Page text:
Hitachi Data Systems’ Hu Yoshida Predicts the Top Ten Storage Trends of 2011

Hong Kong — January 17, 2011 — Hu Yoshida, Chief Technology Officer, Hitachi Data Systems – a wholly owned subsidiary of Hitachi, Ltd. (NYSE: HIT) – recently announced his top ten storage trends for 2011. The predictions come in wake of a recovering economy where technology will be closely tied to business goals.

Recognizing the importance of a transformed data center, earlier in the year, Hitachi Data Systems launched the industry’s first 3 dimensional scaling platform, enabling organizations to scale up, out and deep for unprecedented levels of agility and cost savings in their virtualized data centers. The launch reinforced Hitachi Data Systems’ commitment to transform data centers into dynamic information centers where access to blocks, files and content is seamless and resides in a fluid and virtualized environment.

Virtualization, dynamic provisioning and cloud feature prominently in Hu Yoshida’s predictions, reaffirming that these technologies will pave the way for an agile data centre that enables companies to quickly and efficiently adapt to changes and take advantage of emerging business opportunities.
Hu Yoshida’s predictions are an annual feature when he studies the industry thoroughly and provides his thoughts on the key trends to watch out for in the coming year. The full texts of the predictions are appended below.

Hu Yoshida’s Storage Predictions for 2011 (Full Text)

1. Storage Virtualization and Dynamic Provisioning acceptance will accelerate as it becomes the foundation for cloud and for dynamic, high availability data centers. Storage virtualization, the virtualization of external storage arrays, will provide the ability to non-disruptively migrate from one array to another and eliminate the costly down time required to refresh storage systems. Dynamic Provisioning enables storage to be provisioned in a matter of minutes, simplifying performance tuning with automatic wide striping, and enabling on demand capacity for an agile storage infrastructure.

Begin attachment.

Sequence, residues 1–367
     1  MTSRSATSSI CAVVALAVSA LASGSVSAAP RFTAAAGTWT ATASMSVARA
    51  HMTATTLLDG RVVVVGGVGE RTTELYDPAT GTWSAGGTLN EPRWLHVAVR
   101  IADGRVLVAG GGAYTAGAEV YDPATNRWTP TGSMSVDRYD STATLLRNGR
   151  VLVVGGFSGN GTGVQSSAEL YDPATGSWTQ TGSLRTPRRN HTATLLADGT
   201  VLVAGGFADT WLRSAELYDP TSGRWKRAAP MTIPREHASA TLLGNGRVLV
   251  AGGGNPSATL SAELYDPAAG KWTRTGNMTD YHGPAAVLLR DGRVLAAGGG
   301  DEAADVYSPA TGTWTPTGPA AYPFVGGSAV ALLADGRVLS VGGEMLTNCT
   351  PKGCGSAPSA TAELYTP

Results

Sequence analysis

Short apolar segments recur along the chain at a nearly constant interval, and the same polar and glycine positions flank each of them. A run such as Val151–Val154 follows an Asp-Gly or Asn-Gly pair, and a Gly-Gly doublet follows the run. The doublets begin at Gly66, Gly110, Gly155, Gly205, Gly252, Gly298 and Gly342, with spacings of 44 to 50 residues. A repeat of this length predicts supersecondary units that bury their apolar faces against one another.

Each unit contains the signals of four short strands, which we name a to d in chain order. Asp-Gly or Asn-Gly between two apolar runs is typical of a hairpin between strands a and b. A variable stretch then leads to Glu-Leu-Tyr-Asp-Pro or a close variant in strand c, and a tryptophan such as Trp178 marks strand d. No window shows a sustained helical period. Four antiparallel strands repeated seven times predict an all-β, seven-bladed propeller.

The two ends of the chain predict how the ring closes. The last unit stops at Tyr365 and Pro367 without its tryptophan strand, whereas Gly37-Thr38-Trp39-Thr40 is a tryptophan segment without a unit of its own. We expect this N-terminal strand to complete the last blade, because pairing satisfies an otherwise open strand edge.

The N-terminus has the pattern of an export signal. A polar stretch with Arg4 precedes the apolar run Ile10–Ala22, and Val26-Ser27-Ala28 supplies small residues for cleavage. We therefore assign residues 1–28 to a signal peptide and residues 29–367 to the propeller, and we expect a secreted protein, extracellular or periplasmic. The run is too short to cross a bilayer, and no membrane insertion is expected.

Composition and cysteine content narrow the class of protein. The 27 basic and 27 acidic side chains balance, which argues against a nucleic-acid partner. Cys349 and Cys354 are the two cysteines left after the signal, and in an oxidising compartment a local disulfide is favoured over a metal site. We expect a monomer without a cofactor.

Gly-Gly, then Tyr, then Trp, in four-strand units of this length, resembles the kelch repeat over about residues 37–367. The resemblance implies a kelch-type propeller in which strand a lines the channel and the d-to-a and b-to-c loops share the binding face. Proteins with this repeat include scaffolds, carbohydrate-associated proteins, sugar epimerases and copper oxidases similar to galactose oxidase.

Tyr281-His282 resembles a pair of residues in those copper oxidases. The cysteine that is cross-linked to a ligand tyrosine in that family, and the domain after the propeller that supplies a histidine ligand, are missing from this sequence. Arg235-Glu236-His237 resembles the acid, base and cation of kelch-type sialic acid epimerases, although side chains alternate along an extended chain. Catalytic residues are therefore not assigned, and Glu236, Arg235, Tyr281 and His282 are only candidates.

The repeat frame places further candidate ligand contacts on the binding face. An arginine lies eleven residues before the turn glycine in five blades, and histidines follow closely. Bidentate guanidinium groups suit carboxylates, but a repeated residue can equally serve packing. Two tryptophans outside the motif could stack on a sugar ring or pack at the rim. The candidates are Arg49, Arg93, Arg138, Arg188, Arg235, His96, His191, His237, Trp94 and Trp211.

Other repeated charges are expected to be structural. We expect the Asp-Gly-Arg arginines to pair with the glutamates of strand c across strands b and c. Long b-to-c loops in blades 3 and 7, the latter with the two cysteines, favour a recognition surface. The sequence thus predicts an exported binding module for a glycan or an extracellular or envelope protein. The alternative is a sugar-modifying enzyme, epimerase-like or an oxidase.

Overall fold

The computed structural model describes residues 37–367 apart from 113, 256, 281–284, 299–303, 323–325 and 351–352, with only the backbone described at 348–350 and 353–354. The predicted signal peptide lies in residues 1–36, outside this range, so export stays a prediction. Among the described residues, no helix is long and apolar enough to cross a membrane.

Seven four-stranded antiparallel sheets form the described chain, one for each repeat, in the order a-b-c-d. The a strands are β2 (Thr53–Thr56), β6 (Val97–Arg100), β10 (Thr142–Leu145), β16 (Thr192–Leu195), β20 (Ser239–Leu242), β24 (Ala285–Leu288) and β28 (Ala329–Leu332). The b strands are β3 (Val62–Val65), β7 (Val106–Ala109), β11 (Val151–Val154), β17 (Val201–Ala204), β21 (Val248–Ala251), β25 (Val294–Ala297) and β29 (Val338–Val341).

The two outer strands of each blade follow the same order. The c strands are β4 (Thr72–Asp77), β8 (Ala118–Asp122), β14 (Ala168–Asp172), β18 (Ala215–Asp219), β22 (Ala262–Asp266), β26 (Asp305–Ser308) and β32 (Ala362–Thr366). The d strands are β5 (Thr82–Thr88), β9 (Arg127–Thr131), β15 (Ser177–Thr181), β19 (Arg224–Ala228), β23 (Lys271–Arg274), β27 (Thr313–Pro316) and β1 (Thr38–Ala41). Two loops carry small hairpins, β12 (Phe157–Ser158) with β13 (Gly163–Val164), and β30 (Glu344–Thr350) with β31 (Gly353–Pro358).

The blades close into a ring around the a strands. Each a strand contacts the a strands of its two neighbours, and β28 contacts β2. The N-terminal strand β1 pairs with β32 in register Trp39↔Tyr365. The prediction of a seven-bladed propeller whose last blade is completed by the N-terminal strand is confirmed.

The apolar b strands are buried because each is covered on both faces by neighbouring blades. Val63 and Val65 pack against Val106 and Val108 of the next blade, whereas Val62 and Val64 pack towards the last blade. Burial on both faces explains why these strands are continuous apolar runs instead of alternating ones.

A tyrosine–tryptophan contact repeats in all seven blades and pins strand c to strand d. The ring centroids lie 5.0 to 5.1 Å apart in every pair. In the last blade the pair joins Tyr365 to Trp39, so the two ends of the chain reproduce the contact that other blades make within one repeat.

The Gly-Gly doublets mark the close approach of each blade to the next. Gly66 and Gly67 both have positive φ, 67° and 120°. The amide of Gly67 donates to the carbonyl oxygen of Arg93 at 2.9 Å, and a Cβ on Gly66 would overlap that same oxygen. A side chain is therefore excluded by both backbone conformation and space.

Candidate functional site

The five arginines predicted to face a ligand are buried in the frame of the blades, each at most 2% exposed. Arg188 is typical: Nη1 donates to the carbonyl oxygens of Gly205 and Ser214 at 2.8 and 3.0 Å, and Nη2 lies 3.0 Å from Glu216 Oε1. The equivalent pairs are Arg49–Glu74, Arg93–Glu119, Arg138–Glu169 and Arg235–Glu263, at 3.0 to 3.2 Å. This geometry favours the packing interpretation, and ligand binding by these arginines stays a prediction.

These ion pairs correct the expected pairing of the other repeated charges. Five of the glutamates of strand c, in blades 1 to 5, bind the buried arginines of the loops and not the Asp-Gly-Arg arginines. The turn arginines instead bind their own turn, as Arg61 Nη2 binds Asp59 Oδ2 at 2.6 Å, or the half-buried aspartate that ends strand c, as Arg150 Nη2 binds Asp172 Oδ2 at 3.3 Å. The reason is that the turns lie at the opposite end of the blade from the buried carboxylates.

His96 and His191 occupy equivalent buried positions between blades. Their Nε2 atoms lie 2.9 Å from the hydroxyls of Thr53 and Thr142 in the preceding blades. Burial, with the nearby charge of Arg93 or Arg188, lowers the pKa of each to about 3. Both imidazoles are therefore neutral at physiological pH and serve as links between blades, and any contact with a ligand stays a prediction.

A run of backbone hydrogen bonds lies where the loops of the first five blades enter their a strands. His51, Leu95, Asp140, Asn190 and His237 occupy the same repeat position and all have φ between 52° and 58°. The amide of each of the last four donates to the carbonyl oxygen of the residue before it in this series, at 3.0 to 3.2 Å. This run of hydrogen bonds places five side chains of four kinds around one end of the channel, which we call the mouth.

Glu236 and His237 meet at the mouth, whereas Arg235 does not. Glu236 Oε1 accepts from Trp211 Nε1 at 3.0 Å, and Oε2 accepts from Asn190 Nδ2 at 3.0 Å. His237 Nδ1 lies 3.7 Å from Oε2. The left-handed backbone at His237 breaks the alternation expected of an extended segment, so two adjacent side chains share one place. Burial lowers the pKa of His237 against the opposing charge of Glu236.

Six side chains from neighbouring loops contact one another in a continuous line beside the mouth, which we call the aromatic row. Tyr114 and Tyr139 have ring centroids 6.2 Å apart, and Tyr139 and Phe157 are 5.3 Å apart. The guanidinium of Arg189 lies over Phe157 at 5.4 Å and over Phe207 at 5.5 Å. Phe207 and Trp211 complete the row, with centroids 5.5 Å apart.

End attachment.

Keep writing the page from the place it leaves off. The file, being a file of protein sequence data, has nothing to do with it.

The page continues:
2. Closer integration of server and storage virtualization will be required to increase the adoption of data center virtualization. Server virtualization has matured beyond the cost reduction phase of consolidating print, file, test, and development servers and is currently poised to support tier 1 application servers. Moving forward, for support of tier 1 applications, server virtualization will need the integration of enterprise storage virtualization arrays that can offload some of the software I/O bottlenecks like SCSI reserves, and be able to scale to meet the high availability and QoS demands of enterprise tier 1 applications.

3. Virtual tiering will be adopted for data life cycle management. Currently, virtual tiering has the ability to assign a volume to a pool of storage containing multiple performance, cost, tiers of storage and has the intelligence to move parts of that volume to different tiers based on access counts. The user does not need to classify a volume and assign it to a tier of storage, nor move the volume up and down the tiers based on activity. Virtual Tiering, or Dynamic Tiering, will do it automatically without the need to classify the volume and move the entire volume from tier to tier.